News & Politics


The Power of "I Am..." One Year after Charlie Hedbo

A year ago, after the massacre at Charlie Hebdo, one of the most prevalent responses was the declaration “Je suis Charlie”, I am Charlie. Soon after as the terrible assault unfolded, some added the phrase “Je suis Juif”, I am a Jew, to reflect the victims of the Kosher market taken over by the same attackers. That incident also led to “Je suis Ahmed,” a reference to the Muslim police officer who was slain while protecting Charlie Hebdo’s offices. Other versions of the ” I am” tag have become familiar elements of......

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It Takes a Village, and Other Things I Want to Believe

On September 13th, 2001 you checked out “It Takes a Village” from the public library in town. Not this one. This one. You probably had your toddler with you – maybe in your arms – as you walked along the shelves. Because who in their right mind could have let their kids out of sight in those days after the attacks? You had thousands of children’s books at your fingertips that day. You could have picked any one of them – about princesses, trucks, penguins, or anything in between – and yet......

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Talking About Donald Trump: Why We Should Channel George Orwell

Donald Trump makes me think of George Orwell, but perhaps not for the reason one might expect. My association is not with the totalitarian state described in Orwell’s book, 1984, and its dictator, Big Brother. Rather, it is with the author himself, and the value he attributed to words, their import and the responsibility human beings have when using them. George Orwell was first and foremost an opponent of using language in a sloppy or unthinking way. For Orwell, without clear and precise expression, there could be no clarity and precision in......

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Fear, ISIS and the American Way: A Refugee's Reflections on 35 Years in the United States

Fear is an odd thing. A fearful instinct telegraphs an imminent danger to you, allowing you to be alert and protective. Fear in the wake of national tragedy or an act of terrorism is a common response. What we do with such fear in the wake of ISIS attacks and threats will reflect the best or the worst of our humanity, values, and character. For many Americans it also a spiritual question about the soul of what makes us American. My life took an unexpected turn in 1980. I was hurriedly sent......

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It's Okay to Grieve for Paris

The day before the people of Paris suffered their deadliest assault since World War II, ISIS detonated two bombs in southern Beirut, killing 43 people and wounding hundreds. Some have taken to social media and combined the blue, white and red of the French flag with the cedar tree of Lebanon, or otherwise marked these tragedies together. Still, it’s an uncomfortable question why this attack did not spawn the universal calls for solidarity and recognition as the outpouring seen for those in France. There is something at stake in allowing ourselves to......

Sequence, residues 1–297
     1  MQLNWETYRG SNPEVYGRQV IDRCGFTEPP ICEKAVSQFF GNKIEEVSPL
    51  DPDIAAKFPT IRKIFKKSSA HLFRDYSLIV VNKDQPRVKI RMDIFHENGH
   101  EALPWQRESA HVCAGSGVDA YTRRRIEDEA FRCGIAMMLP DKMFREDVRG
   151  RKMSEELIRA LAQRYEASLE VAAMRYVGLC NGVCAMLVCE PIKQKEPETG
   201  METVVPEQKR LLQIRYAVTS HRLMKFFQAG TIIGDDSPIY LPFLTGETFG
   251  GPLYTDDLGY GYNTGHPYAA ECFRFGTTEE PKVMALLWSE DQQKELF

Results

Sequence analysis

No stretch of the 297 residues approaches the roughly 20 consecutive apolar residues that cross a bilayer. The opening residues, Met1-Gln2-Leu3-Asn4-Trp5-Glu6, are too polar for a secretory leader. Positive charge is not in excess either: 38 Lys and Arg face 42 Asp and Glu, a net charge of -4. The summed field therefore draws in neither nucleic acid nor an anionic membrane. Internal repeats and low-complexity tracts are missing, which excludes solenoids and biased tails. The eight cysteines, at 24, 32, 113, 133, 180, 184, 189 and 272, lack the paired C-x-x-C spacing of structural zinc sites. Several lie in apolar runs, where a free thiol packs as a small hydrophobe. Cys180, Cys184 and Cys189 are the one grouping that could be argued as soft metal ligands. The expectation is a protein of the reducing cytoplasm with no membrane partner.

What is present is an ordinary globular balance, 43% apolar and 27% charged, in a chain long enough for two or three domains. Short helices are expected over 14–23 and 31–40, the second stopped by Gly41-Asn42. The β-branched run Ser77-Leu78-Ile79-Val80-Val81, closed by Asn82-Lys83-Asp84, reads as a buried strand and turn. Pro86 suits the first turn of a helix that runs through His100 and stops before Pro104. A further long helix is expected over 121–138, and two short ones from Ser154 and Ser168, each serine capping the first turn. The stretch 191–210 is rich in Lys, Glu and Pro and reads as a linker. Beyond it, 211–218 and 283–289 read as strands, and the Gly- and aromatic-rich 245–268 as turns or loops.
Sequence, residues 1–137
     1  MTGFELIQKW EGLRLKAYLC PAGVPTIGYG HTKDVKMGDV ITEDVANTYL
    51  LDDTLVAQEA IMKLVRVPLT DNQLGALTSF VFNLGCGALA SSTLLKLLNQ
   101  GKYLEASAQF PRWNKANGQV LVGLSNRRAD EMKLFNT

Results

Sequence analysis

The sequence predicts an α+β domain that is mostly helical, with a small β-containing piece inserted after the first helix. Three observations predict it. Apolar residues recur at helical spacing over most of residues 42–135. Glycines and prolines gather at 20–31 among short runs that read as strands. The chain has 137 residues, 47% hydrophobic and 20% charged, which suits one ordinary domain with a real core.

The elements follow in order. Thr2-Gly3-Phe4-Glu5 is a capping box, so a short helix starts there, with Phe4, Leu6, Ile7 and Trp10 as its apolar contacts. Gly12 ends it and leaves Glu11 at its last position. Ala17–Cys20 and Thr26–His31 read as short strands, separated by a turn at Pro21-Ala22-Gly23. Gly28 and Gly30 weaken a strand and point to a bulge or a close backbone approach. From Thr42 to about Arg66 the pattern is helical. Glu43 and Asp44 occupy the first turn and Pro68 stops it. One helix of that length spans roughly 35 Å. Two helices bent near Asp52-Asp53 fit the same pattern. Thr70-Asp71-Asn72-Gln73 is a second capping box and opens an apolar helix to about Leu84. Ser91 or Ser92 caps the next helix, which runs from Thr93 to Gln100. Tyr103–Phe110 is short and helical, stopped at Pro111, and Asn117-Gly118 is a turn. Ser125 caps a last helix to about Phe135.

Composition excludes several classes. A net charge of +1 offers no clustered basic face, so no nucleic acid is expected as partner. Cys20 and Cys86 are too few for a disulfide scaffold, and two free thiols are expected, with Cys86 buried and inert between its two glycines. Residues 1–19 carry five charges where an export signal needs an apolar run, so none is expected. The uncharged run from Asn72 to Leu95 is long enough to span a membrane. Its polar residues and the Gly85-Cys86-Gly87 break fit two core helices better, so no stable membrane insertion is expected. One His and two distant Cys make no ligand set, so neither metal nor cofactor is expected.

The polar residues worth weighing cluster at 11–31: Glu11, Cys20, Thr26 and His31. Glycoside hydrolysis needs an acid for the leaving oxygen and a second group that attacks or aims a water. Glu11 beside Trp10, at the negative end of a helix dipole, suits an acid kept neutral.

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The Starbucks Cup: It's About Conversation

To paraphrase a famous statement, nonsense is nonsense, but the reaction to nonsense is worth looking at. What was at the bottom of the Starbucks cup controversy for me is not what it said about Christians and Christianity, but what it means for those of us who strive to make meaningful connections between religious traditions, rather than reinforce barriers. At issue here is not watering down what is Christian to avoid offending someone who is not Christian. What is at issue is maintaining spaces that can be conducive to meeting on equal......

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Student Activism at Yale: Rethinking What Is Worthy of Our Outrage

Are you following the drama of the costume scandal transpiring at Yale University? I don’t know whether to laugh or cry but something is off on our campuses. Here is the story in a nutshell. Thirteen Yale administrators co-signed a pre-Halloween letter, advising students on how to dress for Halloween so as not to offend their fellow students. The committee’s email acknowledged that students “definitely have a right to express themselves,” but hoped they would “actively avoid those circumstances that threaten our sense of community or disrespects, alienates or ridicules segments of......

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Stolen Wisdom, Shattered Trust

I was raised by two teachers. My parents taught me to respect and trust authority; to question with appreciation and understanding for those before whom I stood. They also taught me to be wary and discerning of people who might hurt or take advantage of me. Sadly, recent news reports have revealed chilling stories of clergy allegedly using their positions of power to sexually abuse members of their flock. Even as my parents cautioned me about the danger that might lurk in any human being, they stressed that in order to progress......

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Should a Public School Coach Be Praying With Players?

Which does the U.S. Constitution guarantee – freedom of religion, or freedom from it? The short answer (as with so many constitutional issues) is: It depends. Contextualism and the ongoing ability to interpret the document are two of its greatest strengths, helping assure its durability and relevance. There are settings where an enforced absence of public religious expression is required (bans on prayer in public school classrooms); other situations allow for religious expression, as long as all religious sensibilities are respected (wearing a cross, a yarmulke, a hijab or whatever religious symbols/clothing......

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